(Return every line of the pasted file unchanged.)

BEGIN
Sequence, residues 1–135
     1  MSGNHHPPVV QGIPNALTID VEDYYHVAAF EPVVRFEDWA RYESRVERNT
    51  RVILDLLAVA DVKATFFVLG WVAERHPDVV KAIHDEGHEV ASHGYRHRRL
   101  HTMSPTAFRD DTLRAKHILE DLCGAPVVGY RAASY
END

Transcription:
Sequence, residues 1–135
     1  MSGNHHPPVV QGIPNALTID VEDYYHVAAF EPVVRFEDWA RYESRVERNT
    51  RVILDLLAVA DVKATFFVLG WVAERHPDVV KAIHDEGHEV ASHGYRHRRL
   101  HTMSPTAFRD DTLRAKHILE DLCGAPVVGY RAASY